Our skin often reflects larger health dynamics. Eczema shows us this in several different ways.
We can understand eczema better by seeing that there are actually many different kinds of ashes (also known as atopic dermatitis). Sometimes they are red and weeping, sometimes very dry and itchy. Sometimes the rash appears mostly around knees and elbows, sometimes it is primarily on the head. Those are all different patterns and each gives a clue about possible causes and triggers. Different patterns relate to different underlying dynamics or imbalances.
One definite, universal dynamic that is true for everyone—our skin constantly meets the outside world. Our skin protects us from the outside world. It is a barrier organ. How well it can protect us depends on what it meets in the outside environment. It’s widely known and recognized that a dry environment makes eczema symptoms worse. That is why eczema is much more prevalent in a dry climate like Colorado where there is not much humidity. Helping the skin be better protected from outside influences marks a first important therapeutic step. Good hydration, limiting soaps (which remove protective oils in the skin) and adding in regular use of moisturizers all help reduce the effects of dry climate. Those are pretty standard counseling steps for eczema treatment. Further steps, like working to identify additional outer irritants—like harsh detergents, dyes, perfumes, chemicals, or other drying agents—should also be considered.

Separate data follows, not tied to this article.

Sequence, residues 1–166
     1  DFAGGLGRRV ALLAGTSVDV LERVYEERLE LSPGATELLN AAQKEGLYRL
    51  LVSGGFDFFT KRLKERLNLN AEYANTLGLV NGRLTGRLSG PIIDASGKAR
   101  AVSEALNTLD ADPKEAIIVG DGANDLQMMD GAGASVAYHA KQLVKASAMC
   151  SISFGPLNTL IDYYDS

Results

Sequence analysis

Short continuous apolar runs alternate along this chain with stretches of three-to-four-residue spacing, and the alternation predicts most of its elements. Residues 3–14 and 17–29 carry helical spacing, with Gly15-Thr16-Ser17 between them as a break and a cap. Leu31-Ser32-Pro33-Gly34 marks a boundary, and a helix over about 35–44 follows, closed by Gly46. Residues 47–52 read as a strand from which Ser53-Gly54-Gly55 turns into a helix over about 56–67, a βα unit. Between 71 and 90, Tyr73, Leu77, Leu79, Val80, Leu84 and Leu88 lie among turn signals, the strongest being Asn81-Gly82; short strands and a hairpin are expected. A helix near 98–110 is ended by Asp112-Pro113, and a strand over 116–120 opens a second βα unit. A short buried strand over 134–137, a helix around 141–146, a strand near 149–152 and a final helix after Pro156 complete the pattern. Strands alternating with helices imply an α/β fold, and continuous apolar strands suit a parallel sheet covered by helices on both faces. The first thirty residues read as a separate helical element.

A holistic approach to eczema recognizes that there are other dynamics too. Our skin also reflects the balance of our inner world. An anthroposophic approach to skin diseases recognizes that many people’s eczema is strongly influenced by digestive and metabolic imbalance. That’s because the skin functions not only as a barrier organ, but also as an important detox organ. If your body is not happy with what you are eating, or your body is not able to properly break down the food you are taking in, your skin breaks out (related relationships between digestion and skin exist for acne and rosacea too). Identifying food allergies or sensitivities through elimination diets or blood testing provides additional information. Different eczema patterns can also point to specific organ imbalances—a liver imbalance tends to make skin more red and raw, a kidney imbalance more dry, itchy, irritated skin. Anthroposophic Medicine works to understand multiple dynamics.
Then, once we have created a multi-level picturing of your eczema pattern, a broad variety of natural medicines can be used. We routinely prescribe both topical treatments (like creams, lotions, or compresses with herbal teas) as well as oral medicines to address allergic, digestive, or metabolic patterns. Having many tools available allows for a richly individualized approach. Our goal for eczema treatment is really to heal the skin, not just suppress inflammation with a steroid cream.